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“As ye have received Christ Jesus the Lord, so walk ye in him.” Col. ii.6.

At the request of a sister in the state of Virginia, we offer a few remarks on the important admonition given by the apostle to the saints in the passage written above. That Christ Jesus is the Lord of life and glory, that he is the mighty God, the Everlasting Father and the Prince of Peace, is a truth too deeply engraved upon the hearts of the children of God to require argument or demonstration beyond what the scriptures record, and the Holy Ghost makes plain in the experience of all who are born of God and led by his Spirit. Yet we are informed in the word that no man can call him Lord, but by the Holy Ghost. No human efforts to instruct the unregenerated sinner in modern schools or by Gamalial, can bring the sons of men to an experimental knowledge of the Redeemer, as both Lord and Christ; for, “No man knoweth the Son but the Father”; nor can any man come unto him except the Father draw him. None of the princes of this world knew him; for if they had known him, they would not have crucified the Lord of life and glory. To know him is eternal life. “This is life eternal,” said Jesus to the Father, “that they may know thee the only true God, and Jesus Christ whom thou hast sent.” And a knowledge of him is inseparably connected, with a knowledge of the Father. “If ye had known me, ye should have known my Father also.” “Have I been so long time with you, and yet hast thou not known me, Philip?” “He that hath seen me, hath seen the Father also.” He and his Father are one. To know him is also to know the power of his resurrection and the fellowship of his sufferings, and to be made conformable unto his death. This knowledge is by revelation: “When it pleased God, who separated me from my mother’s womb, to reveal his Son in me.” “Blessed are thou Simon; for flesh and blood hath not revealed this unto thee, but my father which is in heaven.”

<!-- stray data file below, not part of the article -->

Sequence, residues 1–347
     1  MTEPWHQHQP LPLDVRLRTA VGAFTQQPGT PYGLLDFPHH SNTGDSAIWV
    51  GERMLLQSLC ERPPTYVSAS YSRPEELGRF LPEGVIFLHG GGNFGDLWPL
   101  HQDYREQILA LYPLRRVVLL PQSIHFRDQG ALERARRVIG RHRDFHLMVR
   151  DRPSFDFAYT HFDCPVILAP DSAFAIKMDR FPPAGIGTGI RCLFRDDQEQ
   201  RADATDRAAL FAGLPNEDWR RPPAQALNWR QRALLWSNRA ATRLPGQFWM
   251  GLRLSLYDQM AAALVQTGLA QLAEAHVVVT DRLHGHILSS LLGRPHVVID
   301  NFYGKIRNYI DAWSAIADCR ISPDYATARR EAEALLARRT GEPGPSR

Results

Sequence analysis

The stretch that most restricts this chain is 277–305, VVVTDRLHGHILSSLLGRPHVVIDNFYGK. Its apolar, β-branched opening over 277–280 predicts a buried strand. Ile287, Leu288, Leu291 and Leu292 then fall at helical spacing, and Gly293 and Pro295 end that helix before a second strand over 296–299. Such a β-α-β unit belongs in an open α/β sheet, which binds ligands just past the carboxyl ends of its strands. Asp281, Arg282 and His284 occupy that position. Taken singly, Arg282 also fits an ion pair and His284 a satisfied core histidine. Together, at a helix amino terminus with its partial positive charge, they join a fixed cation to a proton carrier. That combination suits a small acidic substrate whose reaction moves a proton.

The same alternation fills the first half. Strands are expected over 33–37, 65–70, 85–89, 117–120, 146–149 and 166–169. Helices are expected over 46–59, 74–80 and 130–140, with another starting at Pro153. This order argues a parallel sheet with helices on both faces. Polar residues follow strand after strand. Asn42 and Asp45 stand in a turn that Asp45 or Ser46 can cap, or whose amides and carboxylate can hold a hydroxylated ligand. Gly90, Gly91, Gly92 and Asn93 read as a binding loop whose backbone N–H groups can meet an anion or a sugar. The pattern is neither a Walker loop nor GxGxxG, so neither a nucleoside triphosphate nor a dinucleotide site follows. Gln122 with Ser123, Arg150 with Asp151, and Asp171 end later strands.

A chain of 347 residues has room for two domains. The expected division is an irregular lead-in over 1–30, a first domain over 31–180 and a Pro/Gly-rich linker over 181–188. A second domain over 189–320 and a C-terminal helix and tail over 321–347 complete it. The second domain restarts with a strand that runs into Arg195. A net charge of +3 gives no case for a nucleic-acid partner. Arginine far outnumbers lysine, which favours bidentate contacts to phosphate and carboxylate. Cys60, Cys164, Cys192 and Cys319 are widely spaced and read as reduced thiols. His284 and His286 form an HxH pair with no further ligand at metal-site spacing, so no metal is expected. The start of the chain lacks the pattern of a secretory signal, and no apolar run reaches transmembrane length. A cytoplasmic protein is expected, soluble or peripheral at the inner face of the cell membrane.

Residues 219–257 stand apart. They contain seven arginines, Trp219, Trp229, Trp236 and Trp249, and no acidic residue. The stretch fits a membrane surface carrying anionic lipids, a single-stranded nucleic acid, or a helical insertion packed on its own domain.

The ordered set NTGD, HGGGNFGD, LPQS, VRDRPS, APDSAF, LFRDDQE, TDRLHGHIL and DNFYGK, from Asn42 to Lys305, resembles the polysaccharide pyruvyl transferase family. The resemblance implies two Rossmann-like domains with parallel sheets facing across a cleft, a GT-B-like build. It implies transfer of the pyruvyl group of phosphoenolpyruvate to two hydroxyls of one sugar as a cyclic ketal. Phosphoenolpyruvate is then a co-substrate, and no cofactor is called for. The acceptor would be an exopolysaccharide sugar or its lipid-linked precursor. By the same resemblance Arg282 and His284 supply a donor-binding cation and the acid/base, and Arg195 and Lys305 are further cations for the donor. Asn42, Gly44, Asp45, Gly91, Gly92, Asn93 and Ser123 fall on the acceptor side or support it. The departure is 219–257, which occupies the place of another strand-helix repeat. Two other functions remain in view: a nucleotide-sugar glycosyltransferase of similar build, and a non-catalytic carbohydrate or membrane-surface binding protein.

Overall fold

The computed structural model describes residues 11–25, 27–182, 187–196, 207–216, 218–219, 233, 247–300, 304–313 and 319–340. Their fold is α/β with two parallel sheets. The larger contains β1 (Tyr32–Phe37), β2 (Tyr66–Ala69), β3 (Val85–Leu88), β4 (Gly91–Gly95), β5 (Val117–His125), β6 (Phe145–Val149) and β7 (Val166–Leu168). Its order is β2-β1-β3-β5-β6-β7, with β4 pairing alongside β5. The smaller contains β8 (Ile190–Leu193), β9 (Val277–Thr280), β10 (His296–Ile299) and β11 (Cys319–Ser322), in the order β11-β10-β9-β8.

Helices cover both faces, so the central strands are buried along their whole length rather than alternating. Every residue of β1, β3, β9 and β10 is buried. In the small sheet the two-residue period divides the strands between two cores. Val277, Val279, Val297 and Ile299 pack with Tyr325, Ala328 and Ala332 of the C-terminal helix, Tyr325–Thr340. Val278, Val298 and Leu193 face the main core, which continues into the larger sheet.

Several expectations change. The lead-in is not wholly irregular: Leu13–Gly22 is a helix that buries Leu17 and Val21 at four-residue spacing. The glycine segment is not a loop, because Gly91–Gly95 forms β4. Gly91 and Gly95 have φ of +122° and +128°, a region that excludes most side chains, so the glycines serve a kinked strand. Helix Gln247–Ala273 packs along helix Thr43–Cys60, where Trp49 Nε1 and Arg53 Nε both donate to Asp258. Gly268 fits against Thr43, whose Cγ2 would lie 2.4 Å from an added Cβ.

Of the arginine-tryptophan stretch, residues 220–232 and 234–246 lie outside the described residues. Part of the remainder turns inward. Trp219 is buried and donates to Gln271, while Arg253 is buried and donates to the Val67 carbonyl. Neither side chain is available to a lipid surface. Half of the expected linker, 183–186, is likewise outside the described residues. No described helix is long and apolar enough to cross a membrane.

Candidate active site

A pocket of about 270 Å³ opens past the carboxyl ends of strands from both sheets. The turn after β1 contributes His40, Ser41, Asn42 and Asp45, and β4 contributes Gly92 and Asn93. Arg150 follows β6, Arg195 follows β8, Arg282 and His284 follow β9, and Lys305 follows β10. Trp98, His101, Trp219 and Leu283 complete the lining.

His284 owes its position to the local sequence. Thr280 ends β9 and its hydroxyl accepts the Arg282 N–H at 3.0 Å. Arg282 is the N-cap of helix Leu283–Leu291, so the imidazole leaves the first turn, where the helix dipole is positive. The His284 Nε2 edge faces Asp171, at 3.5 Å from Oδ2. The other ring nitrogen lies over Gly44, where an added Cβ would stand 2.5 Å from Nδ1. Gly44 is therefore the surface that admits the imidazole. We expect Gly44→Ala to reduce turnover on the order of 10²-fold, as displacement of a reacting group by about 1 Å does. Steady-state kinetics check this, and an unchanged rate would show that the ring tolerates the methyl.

The reception of Christ Jesus the Lord implies that we were once in a state of destitution, living without Christ and without hope in the world. And although it is a blessed thought and full of consolation that he has been our dwelling place in all generations, even from everlasting to everlasting, and that he has carried his people and borne them all the days of old; still we in our Adamic nature were without him; and in an experimental sense we remained without him until Christ was formed in us the Hope of Glory.

The reception of him also involves the consideration of the source from whence and the manner in which we received him. The source may be contemplated both negatively and affirmatively. We did not receive him from Adam, or any principle found in the nature, blood, or will of man; for the scriptures affirm in John i. 12, 13, of all who receive him, that they were born, not of blood, nor of the will of the flesh, nor of the will of man, but of God. Not from the will or works of men, nor yet because we could claim Abraham to be our father, or that we were descendents from pious ancestors; nor because we had complied with conditions, or accepted the overtures; nor have we received him at the anxious bench, at the hands of those who have presumptuously and blasphemously offered us Christ. From no such quarter did ever a poor sinner receive the blessed Savior. But we are divinely instructed that he is from heaven, that he dwelt in the bosom of the Father, that he proceeded and came from the Father; that he was with him when there were no fountains flowing with water, before the decree was given to the seas appointing to them their bounds; before the mountains were brought forth, or even the highest dust of the habitable earth was formed.